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Addressing Adolescent Health Needs at WHO Global Consultation
Taking Action to Enhance Quality in Adolescent Friendly Health Services

Dr. Diana Silimperi, MD, Deputy Director, the Quality Assurance Project, participated in a three-day consultation on adolescent friendly services, sponsored by the Child and Adolescent Health division of the World Health Organization in Geneva in early March 2001.

The consultation’s objectives were to understand adolescents’ health and development-related needs and problems - including their health care seeking behaviors, contributions health services could make in their health and well-being, and the availability of health services to adolescents in different parts of the world. Objectives included defining best practices to enhance quality of health services and to deliver services in a user-friendly manner (especially in light of many countries’ economic and socio-cultural constraints), and to reach consensus on global research and action necessary to make it easier for adolescents to obtain the quality health services they need.

About 60 representatives from adolescent service organizations, bilateral agencies, United Nations’ agencies, WHO headquarters and regional representatives, and international NGOs attended. Presenters from 25 countries in Africa, Latin America, the Middle East, Asia, and the NIS shared their experiences.

Dr. Silimperi discussed QAP’s work with the National Adolescent Friendly Clinic Initiative in South Africa in her presentation "Achieving Quality in Adolescent Healthcare Services," which addressed Assumption 11 (see text below). She discussed the development of adolescent friendly standards, criteria, and the tools to measure compliance with the standards. The presentation evoked much interest, and this work in South Africa appears to be the first of its kind.

Topics of discussion included the content of essential service packages, clinical and quality standards for adolescent care, focused accreditation, the role of the private sector and alternative delivery approaches, including outreach, and linking adolescent health with the major donor initiatives of poverty reduction and health sector reform.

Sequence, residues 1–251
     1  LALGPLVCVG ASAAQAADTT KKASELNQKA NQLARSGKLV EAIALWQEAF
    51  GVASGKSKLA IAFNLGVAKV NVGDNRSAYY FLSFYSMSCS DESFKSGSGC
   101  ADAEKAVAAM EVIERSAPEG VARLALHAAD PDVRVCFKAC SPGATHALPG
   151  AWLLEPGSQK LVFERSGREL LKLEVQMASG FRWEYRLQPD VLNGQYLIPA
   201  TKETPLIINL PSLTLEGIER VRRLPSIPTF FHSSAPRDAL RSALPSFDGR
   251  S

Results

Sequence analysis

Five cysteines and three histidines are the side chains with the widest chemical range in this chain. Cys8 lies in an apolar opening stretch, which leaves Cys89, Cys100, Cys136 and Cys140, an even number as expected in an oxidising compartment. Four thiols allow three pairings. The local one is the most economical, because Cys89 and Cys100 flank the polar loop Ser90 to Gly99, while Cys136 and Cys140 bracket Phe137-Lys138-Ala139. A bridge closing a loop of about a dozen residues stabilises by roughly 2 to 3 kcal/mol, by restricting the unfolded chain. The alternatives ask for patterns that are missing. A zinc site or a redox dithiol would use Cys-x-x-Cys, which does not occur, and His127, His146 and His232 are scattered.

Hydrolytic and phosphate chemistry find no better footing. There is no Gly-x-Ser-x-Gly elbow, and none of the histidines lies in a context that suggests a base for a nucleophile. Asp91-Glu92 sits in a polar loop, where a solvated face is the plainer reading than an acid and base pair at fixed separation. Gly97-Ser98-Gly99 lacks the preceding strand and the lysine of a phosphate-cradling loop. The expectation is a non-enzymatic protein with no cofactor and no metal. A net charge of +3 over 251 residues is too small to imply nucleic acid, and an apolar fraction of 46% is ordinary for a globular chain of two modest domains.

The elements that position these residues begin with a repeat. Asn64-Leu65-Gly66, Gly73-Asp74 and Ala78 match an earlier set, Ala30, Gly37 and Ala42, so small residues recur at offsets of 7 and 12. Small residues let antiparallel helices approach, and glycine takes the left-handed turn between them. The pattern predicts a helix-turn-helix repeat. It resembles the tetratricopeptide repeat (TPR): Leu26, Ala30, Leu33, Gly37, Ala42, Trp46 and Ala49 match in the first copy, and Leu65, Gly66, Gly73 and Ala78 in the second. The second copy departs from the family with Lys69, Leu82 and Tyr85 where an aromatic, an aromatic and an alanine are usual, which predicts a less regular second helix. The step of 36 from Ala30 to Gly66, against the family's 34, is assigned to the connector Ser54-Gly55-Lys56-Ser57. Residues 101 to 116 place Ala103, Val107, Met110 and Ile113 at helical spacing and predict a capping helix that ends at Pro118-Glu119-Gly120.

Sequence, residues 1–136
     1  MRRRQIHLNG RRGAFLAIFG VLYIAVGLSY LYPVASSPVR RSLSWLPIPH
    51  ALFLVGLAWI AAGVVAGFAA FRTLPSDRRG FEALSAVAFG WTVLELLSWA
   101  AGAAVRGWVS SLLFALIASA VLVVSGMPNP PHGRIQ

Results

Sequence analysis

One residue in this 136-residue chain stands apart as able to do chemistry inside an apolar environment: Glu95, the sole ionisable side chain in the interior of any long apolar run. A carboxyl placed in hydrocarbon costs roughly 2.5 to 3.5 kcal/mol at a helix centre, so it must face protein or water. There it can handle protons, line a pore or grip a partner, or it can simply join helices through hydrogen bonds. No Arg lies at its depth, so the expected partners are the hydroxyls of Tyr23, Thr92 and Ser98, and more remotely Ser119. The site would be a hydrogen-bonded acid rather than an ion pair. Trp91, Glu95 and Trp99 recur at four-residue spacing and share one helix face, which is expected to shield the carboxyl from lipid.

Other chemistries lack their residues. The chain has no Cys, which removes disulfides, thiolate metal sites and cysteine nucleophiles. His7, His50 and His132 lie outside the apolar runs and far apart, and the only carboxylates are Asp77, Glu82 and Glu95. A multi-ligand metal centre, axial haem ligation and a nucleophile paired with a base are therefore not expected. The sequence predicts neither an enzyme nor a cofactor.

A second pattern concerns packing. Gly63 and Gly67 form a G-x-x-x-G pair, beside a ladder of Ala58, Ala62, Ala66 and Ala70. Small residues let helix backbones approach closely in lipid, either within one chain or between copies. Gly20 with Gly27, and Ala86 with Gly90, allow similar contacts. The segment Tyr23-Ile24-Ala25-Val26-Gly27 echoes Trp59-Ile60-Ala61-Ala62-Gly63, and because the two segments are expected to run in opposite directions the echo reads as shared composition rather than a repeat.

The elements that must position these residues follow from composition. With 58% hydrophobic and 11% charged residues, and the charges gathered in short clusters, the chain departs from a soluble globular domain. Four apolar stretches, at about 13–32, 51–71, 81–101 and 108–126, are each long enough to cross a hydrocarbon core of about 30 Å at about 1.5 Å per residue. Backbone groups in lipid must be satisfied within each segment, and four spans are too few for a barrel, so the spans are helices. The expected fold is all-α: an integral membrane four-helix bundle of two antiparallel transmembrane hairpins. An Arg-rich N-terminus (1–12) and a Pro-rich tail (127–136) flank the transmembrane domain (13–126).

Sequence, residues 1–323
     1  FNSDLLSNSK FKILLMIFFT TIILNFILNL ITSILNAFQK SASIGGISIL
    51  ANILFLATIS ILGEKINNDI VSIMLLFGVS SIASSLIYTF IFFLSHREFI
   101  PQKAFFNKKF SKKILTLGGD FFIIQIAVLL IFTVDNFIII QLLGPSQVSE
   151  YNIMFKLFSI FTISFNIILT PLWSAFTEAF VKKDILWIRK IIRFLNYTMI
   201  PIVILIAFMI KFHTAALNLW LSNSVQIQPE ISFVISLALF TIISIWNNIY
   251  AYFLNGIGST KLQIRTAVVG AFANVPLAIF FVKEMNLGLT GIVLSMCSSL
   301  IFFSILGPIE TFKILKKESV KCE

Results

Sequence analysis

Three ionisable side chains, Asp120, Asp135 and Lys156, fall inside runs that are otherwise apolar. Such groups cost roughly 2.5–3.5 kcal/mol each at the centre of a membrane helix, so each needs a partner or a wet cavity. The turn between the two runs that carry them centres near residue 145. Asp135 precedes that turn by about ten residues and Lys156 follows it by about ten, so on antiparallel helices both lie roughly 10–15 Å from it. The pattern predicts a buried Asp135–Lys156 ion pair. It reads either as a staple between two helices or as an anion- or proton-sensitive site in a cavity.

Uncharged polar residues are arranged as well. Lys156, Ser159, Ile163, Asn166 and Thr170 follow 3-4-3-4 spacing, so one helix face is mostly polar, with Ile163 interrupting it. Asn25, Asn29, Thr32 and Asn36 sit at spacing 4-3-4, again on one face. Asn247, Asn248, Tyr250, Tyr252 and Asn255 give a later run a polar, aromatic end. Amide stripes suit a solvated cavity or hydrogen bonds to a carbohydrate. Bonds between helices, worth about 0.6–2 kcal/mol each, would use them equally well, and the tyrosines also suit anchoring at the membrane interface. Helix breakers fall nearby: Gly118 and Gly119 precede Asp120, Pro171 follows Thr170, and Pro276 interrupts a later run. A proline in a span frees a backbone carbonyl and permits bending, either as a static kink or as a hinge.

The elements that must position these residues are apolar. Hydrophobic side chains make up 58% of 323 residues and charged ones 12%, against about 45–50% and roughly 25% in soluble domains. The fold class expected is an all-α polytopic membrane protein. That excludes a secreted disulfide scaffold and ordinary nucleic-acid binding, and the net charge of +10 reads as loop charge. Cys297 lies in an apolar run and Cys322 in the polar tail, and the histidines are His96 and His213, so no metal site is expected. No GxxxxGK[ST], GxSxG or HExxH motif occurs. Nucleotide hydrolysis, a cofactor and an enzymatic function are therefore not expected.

A final report on the Global Consultation will include the revised 12 assumptions and recommended research and actions for the six WHO regions around the world.

Governing Assumptions

The consultation analyzed 12 governing assumptions about adolescent healthcare, which were drawn from international literature and research. Participants determined whether each assumption was supported by evidence, revised the assumptions, delineated practical implications of each assumption by the six WHO regions, and recommended future research and actions.

The 12 assumptions include:

  1. Good health in adolescence requires different but complementary actions, by different players.
  2. Although many adolescents make the transition to adulthood in good health, a proportion face health problems with serious immediate and future consequences. Hence, all adolescents need good access to preventive and curative services.
  3. Adolescents have different health-related needs from adults, because they are maturing sexually, physically, and psychologically.
  4. Adolescents in many places are unwilling or unable to obtain the health services they need.
  5. Adolescents have a clear idea about user-friendliness, which describes the ethos, rather than the content, of the services.
  6. User-friendliness, however, does not necessarily ensure that adolescents will use the services.
  7. There are promising approaches with the potential to increase service utilization by adolescents of both sexes, if a friendly health service exists.
  8. Channels other than government-run health facilities could make health services available to adolescents, who are more likely to obtain the services they need if existing resources are networked.
  9. It would be helpful to define a minimum, or optimum, package of services that could be made widely available, and would meet defined adolescent needs.
  10. Technical competence and "human qualities" relevant to adolescent health are required by health care providers.
  11. New quality assurance methods and tools need to be developed that apply to the unique aspects of adolescent health services. (The participants recommended this assumption be changed to: "Existing QA methods can be adapted and used to improve the quality of adolescent healthcare services.")
  12. There are still many practical issues for which there are no single, or simple, solutions.  (April 2001)

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The Quality Assurance Project (QAP) is funded by the U.S. Agency for International Development
(USAID) under Contract Number GPH-C-00-02-00004-00.